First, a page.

Irish showband

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The Irish Showband was a dance band format which was popular in Ireland during the early rock and roll era from mid-1950s to the late 1970s. The showband was based on the internationally popular six or seven piece dance band. The band's basic repertoire included standard dance numbers and cover versions of pop music hits. The music ranged from rock and roll and country and western songs to traditional dixieland jazz. Key to a showband's popular success was the ability to perform songs currently in the record charts. Some country bands also played Irish traditional and Céilidh music.

The line up usually featured a rhythm section of drums, lead and bass guitars, a keyboard instrument, and a brass section of trumpet, saxophone and trombone. The band was fronted by one or two lead singers, who were assisted by other band members on backing vocals. Comedy routines were sometimes featured. The Irish showband, unlike the Big Band, played standing. It created momentum by playing while stepping, dipping and bopping in the manner of Bill Haley & His Comets. Initially, the bands' tours were limited to Irish venues. As the scene progressed, the more successful bands toured Irish clubs located in Britain, the United States and Canada. Some later rock and soul oriented showbands toured German nightclub circuits and US Army base clubs in Europe.

History[edit]

Strabane's Clipper Carlton are credited with popularising the showband. Fronted by Fergie O'Hagan, they were originally a touring big band. They later became popular in Britain and on the U.S. and Canadian Irish club circuit. Brendan Bowyer, Tom Dunphy and the Royal Showband from Waterford toured professionally around 1958, and became a crowd-drawing success. They were managed by the promotor T.J. Byrne and were the first band to have a record enter the Irish charts.[1] Tom Dunphy sang the country hit "Come Down The Mountain, Katie Daley". Later, Brendan Bowyer had a hit with "The Hucklebuck", an American recording from the 1940s. The Freshmen from Ballymena, Antrim, led by Billy Brown and Derek Dean, combined to produce harmonies on their covers of hits by The Beach Boys and Jan and Dean. Dickie Rock performed mainly big ballads. Starting out with Dublin's Melochords, he became a star with the Miami Showband, and later represented Ireland in the Eurovision Song Contest in 1967. The Witnesses featured Dublin's Colm Wilkinson, later to achieve success in lead roles in The Phantom of the Opera and Les Misérables.

A second wave of speciality bands emerged in the late sixties and early seventies. The 'second wave' bands were young proponents of a rock, blues and soul style wave celebrated in Roddy Doyle's book The Commitments. These bands included The Dreams, The Real McCoy, The Arrows and The Chessmen. They were most popular in urban areas, while Country and Western bands were generally more popular in the rural areas of the country. Big Tom and the Mainliners and Larry Cunningham and the Mighty Avons were a huge summer marquee carnival dance draws alongside Margo, Philomena Begley and Brendan Shine. Several internationally successful Irish musicians began their careers with showbands, including Van Morrison, Henry McCullough, Mick Hanly and Rory Gallagher.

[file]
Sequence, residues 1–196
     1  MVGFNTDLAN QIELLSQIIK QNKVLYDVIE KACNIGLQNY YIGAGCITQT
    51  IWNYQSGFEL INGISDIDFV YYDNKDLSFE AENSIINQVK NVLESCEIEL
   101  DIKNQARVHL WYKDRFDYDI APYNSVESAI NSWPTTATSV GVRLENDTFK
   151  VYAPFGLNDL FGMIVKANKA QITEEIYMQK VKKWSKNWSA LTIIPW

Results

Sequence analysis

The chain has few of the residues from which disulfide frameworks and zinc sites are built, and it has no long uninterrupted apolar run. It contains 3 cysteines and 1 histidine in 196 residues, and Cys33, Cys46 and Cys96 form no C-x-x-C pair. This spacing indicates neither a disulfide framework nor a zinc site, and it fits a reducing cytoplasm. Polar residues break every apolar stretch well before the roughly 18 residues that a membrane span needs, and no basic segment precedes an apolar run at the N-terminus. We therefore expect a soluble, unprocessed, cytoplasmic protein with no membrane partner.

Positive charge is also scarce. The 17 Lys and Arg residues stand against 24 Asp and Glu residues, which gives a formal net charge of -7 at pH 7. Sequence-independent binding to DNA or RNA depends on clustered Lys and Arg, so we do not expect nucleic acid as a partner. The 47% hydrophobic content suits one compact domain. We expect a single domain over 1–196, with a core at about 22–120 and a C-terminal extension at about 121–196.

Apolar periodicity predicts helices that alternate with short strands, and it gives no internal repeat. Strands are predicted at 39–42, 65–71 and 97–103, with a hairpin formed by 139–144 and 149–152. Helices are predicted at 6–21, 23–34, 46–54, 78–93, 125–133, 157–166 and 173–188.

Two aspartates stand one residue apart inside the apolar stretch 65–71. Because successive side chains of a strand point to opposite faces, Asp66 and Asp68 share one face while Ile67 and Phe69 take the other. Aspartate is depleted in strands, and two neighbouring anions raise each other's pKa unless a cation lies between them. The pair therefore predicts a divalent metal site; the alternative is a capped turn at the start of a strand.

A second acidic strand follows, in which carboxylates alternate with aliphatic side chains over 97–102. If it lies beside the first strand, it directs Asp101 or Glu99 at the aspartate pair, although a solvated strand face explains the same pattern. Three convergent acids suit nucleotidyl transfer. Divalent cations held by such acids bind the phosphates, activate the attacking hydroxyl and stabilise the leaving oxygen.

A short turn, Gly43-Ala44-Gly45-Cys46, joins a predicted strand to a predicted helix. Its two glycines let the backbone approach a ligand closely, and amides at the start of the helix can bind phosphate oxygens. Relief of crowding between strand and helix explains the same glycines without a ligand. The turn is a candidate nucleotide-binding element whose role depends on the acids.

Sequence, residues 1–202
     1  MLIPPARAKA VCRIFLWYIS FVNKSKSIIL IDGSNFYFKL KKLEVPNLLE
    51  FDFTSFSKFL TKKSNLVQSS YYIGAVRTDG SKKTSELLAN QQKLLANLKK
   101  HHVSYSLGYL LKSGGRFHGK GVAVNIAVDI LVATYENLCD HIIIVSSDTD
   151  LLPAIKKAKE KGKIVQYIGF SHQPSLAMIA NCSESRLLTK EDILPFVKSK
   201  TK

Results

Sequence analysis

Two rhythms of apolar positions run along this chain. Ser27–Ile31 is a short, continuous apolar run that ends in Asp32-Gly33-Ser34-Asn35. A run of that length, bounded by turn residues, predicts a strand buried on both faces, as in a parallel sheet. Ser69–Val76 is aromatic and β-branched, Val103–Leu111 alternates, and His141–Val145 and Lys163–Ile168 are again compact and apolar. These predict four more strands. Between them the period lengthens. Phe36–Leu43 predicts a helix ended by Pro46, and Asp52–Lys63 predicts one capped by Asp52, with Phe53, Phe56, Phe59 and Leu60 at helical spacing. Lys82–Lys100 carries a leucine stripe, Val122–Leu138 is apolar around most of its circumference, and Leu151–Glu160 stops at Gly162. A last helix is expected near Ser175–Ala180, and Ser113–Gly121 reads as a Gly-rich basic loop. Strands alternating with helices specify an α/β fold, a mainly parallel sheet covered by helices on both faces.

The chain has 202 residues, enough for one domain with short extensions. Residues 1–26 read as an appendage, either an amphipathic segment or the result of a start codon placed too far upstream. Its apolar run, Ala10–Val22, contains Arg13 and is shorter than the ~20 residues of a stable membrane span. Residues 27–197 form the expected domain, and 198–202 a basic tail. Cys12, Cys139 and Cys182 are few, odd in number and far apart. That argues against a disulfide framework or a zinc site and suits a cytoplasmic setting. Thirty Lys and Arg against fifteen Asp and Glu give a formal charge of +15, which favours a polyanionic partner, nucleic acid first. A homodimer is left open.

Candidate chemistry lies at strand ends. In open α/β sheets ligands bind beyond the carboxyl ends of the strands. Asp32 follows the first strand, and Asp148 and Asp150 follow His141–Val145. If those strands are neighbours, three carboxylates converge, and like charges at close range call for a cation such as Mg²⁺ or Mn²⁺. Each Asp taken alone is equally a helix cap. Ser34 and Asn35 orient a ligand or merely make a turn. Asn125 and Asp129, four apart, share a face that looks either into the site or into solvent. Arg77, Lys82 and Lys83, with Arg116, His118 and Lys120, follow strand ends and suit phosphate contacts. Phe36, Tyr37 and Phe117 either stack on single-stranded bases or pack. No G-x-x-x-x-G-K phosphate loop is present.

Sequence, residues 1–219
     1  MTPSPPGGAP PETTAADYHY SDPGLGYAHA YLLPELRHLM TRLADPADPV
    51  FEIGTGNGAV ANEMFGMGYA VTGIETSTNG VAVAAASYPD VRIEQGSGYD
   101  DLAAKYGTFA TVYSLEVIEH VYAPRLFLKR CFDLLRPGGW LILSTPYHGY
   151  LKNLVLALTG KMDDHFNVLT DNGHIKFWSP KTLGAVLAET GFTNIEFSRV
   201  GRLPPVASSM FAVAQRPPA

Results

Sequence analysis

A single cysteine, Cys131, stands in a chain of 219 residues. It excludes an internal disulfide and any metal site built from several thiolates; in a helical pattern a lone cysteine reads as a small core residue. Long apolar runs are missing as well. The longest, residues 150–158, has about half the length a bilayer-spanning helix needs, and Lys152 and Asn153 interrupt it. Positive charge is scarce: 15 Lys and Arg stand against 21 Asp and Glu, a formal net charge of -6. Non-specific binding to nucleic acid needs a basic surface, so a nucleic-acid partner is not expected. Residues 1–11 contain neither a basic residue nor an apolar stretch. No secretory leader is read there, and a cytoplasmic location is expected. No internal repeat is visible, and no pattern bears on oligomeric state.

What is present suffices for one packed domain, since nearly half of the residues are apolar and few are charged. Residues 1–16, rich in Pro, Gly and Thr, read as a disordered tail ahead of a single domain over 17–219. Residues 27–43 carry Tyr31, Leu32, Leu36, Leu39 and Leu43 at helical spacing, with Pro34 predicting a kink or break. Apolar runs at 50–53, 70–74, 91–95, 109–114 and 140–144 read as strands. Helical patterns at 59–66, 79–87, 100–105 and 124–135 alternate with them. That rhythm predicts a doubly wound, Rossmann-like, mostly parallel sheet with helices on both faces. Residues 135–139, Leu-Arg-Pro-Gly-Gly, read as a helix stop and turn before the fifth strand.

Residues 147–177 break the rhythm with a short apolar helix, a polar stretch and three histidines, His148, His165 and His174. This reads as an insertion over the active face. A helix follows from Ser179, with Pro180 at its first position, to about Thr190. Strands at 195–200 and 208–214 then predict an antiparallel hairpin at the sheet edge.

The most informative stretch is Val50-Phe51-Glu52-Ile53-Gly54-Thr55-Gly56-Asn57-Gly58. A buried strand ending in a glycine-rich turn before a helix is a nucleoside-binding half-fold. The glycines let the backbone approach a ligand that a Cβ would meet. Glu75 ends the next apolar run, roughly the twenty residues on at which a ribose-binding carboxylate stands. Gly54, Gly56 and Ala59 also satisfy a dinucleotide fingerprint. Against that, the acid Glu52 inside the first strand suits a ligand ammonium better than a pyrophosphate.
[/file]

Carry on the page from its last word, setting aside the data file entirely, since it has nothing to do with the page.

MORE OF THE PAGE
The Miami Showband killings in 1975 hastened the decline in popularity of the showbands. Cross-border band touring dropped significantly. The advent of the discothèque, the opening of music-lounges (with alcohol licenses) and changing musical tastes also played a large role in its demise.

Ballrooms and dance halls[edit]

The city ballrooms were often purpose built and the rural dance halls of town and country were often simple barn like buildings at the edge of the town. Painted and lit in bright colours inside and out, they had fanciful romantic names such as "Fairyland", "Dreamland", and "Wonderland" and "Arcadia". Dance halls in smaller towns and villages would host a dance once or twice a month. The fans often travelled fifty km from the surrounding countryside to see their favourite band. Some city ballrooms were lavish dance palaces from an earlier era. The Mecca in Belfast, Dublin's Town and Country Club (a Corinthian pillared ballroom in the Georgian era), Rotunda Rooms, the Metropole and the TV Club were prominent among the plusher venues.

Most rural dance halls were roughly constructed in cheap materials by local entrepreneurs. Breeze block pebbled Irish Garage architecture prevailed. A chain of venues in the midlands was operated by Albert Reynolds, who would later become Taoiseach ( Prime Minister ) of the Republic. Associated Ballrooms was owned by mining magnate Con Hynes. The Lucey brothers had large ballrooms in Cork. In the North East, the Adelphi ballroom, owned by Dee O'Kane and Jimmy Hamilton in Dundalk, attracted audiences from both sides of the border. Summer dancing was held in wet and windy marquees during parish carnivals up and down the country. Predating Mc Donalds and similar fast food takeouts, dance hall 'Mineral Bars' dispensed ham sandwiches, potato crisps, hot beverages and soft drinks.

Ballrooms and dance halls did not sell alcoholic beverages. Alcohol sales remained the prerogative of the local pub who then began to build extensions onto pubs and operate their own disco or cabaret show.

At its height, the business employed many thousands of musicians, support staff and managers. There were as many as 700 full and part-time bands travelling the country in the mid-1960s. By the mid-1970s the phenomenon had peaked, and was in decline. Many of the surviving bands reduced numbers and revamped into small pop rock or country music ensembles. A combination of upscale discos, new build modern hotel dance and cabaret rooms with full bar extensions brought the ballroom and showband business to a close in the early 1980s.

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